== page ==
What Is The Nfbwa Fee On My Water Bill?

The North Fort Bend Water Authority (NFBWA) was established in 2005 as part of the Fort Bend Subsidence District’s (FBSD) Regulatory Plan to control subsidence. The NFBWA was established by the Texas legislature, which established the 141-square-mile limit and regulated how it would get financing to carry out its purpose of preventing subsidence. The FBSD establishes groundwater reduction targets for the NFBWA to meet.

The NFBWA’s efforts have already decreased groundwater usage by more than 30% in the area, far exceeding the first FBSD 2014 requirement. They are currently creating the necessary infrastructure to cut groundwater usage by 60% by 2025, in order to reach the next FBSD milestone.

The NFBWA is the umbrella organization for the Groundwater Reduction Plan ( “Participants (GRP) To ensure a plentiful and cost-effective source of water that is not groundwater, the phrase “surface water” was coined “a different source of water If each retail water provider had to get their own water rights to an alternate water source and create the infrastructure to transport the water, the cost would be exponential. The NFBWA assumes responsibility and obligation for adhering to the FBSD’s requirements.

The NFBWA does not accept tax monies to help pay our infrastructure and operations expenditures, unlike retail water companies. Our water usage fees are the only source of revenue for NFBWA, which allows us to carry out our vital mission of preventing subsidence in our neighborhood. Retailers are charged fees, which are then passed on to the customers.

The main bulk of the NFBWA charge is used to fund large-scale infrastructure projects that will provide a reliable source of surface water to our area, preventing over-pumping of our valuable groundwater aquifers, which causes subsidence.

What does the acronym Nfbwa stand for?

The North Fort Bend Water Authority (NFBWA) was established by the 79th Texas Legislature in May 2005, when Senate Bill 1798 was passed and Chapter 8813 of the Special District Local Laws Code was established.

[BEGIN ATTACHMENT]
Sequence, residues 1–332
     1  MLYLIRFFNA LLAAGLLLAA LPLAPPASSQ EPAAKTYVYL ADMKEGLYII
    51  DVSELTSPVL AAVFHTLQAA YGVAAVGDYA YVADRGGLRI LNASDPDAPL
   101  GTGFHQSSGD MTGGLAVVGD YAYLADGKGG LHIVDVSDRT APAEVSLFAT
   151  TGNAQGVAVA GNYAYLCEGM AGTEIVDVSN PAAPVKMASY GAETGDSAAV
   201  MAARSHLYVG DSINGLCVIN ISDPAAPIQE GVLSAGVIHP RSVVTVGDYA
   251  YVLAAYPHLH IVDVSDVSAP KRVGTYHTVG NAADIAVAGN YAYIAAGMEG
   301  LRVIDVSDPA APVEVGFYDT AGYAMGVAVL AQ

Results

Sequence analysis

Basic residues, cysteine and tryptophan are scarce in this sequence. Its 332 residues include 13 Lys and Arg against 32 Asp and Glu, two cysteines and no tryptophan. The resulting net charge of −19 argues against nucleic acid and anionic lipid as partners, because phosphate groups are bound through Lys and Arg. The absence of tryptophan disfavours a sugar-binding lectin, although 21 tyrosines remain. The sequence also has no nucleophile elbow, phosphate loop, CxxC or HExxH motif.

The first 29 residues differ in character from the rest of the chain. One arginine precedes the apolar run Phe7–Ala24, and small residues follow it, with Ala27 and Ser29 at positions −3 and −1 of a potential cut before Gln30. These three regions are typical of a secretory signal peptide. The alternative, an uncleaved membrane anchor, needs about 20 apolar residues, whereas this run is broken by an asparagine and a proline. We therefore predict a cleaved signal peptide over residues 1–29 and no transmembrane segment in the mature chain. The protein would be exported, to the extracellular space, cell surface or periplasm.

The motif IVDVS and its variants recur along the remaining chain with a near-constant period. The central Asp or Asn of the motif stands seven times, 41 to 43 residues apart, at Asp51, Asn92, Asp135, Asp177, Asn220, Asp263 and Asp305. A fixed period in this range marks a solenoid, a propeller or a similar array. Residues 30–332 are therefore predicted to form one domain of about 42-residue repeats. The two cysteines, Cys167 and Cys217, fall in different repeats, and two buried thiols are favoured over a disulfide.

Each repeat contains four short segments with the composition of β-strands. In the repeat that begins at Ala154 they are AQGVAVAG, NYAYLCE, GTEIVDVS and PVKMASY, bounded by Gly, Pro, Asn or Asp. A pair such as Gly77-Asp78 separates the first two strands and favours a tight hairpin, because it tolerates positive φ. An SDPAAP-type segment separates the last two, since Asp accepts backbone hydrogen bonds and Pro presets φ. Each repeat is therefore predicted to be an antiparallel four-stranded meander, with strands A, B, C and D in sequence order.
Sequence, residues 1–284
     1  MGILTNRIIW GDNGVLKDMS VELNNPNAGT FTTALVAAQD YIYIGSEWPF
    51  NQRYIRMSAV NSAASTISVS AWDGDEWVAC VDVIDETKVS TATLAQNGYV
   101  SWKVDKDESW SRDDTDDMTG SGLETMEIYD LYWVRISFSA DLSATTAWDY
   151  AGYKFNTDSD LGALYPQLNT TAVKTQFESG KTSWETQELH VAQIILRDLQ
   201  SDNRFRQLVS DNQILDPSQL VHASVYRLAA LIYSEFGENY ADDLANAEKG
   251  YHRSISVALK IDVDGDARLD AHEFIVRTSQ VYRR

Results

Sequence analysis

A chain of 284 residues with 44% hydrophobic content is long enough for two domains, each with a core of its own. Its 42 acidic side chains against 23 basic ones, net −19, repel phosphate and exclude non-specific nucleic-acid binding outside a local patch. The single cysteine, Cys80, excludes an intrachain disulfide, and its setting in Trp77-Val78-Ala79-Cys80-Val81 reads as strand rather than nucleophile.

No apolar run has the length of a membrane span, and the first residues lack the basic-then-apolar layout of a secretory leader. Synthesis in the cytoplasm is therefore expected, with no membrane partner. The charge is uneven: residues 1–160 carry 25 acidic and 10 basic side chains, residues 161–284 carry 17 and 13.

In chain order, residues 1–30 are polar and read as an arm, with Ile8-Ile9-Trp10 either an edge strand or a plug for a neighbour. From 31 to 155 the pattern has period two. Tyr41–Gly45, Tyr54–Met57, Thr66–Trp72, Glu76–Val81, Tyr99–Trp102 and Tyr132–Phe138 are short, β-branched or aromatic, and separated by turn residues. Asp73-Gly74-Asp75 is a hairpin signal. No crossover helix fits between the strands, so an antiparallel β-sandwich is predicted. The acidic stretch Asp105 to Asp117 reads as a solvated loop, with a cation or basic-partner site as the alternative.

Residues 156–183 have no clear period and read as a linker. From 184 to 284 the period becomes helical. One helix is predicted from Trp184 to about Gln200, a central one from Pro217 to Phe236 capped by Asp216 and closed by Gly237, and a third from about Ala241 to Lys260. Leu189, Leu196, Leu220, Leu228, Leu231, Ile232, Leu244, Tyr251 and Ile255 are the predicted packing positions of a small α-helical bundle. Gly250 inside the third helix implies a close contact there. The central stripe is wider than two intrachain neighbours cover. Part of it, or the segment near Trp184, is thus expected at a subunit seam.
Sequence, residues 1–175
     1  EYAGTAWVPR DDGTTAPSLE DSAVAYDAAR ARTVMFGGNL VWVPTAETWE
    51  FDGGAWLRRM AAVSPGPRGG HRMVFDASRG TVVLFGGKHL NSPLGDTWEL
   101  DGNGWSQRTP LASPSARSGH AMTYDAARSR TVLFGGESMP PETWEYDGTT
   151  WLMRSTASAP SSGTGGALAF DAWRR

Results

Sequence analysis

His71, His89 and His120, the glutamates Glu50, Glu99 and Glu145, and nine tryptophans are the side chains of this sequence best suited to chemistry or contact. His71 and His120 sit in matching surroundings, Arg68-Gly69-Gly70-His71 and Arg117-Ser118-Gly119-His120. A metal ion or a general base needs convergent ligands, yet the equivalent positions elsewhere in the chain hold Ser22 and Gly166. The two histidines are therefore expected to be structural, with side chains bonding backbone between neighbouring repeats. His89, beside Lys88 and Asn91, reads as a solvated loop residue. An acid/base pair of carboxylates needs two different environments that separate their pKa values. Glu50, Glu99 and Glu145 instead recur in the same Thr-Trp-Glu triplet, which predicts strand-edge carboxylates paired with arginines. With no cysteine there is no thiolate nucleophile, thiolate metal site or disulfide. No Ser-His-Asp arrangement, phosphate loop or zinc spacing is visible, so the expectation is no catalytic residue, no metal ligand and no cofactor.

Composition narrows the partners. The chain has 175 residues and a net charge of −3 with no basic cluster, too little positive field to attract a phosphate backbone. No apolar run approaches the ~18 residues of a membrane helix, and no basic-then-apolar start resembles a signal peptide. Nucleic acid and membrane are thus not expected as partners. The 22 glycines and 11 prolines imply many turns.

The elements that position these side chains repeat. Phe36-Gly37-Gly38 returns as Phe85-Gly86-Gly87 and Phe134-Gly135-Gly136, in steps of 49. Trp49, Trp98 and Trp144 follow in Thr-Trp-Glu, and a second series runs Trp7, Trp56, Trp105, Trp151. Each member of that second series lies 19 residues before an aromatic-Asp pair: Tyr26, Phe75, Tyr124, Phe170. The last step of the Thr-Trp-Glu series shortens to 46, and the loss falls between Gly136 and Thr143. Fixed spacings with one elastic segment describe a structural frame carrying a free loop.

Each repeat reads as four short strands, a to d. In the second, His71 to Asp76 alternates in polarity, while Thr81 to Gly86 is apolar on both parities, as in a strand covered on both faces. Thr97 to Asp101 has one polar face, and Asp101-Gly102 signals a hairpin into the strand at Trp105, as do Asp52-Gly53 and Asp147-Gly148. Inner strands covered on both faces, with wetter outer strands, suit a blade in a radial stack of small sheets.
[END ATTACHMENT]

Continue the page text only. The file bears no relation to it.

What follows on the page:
Fort Bend County, what is my mud district?

Welcome to MUD 23 of Fort Bend County. The Texas Commission on Environmental Quality founded the Fort Bend County Municipal Utility District No. 23 (the “District”) in 1978. The District is located in Fort Bend County and covers roughly 1303 acres of land.

What is the Fort Bend County mud tax?

MUD 129 tax bills will be included in Fort Bend County’s consolidated tax bills beginning this year. MUD 129 will not be sending you a separate tax bill.

The current tax rate for 2020 is $0.2925 per $100 of assessed value. MUD 129 has been managed to drop its tax rate for the fourth year in a row while still providing high-quality services to its people. Please contact MUD 129 by clicking here if you have any questions.

In Texas, what is a mud?

A Municipal Utility District (MUD) is one of several types of special districts that operate as self-contained governments with restricted powers. The goal of a MUD is to give a developer a different way to pay for infrastructure including water, sewer, drainage, and roads.

In Texas, how many mud districts are there?

A municipal utility district, or MUD, is a governmental subdivision of the state of Texas constituted by the Texas Legislature or the Texas Commission on Environmental Quality, similar to a county or a school district.

The state creates a MUD to supply water, sewer, drainage, park and recreational amenities, and roadways over a limited region.

What Do MUDs Do?

MUDs provide municipal services in areas that are not part of a city, where a city cannot afford to provide these services, and/or where the city wants the new development to pay for the new infrastructure.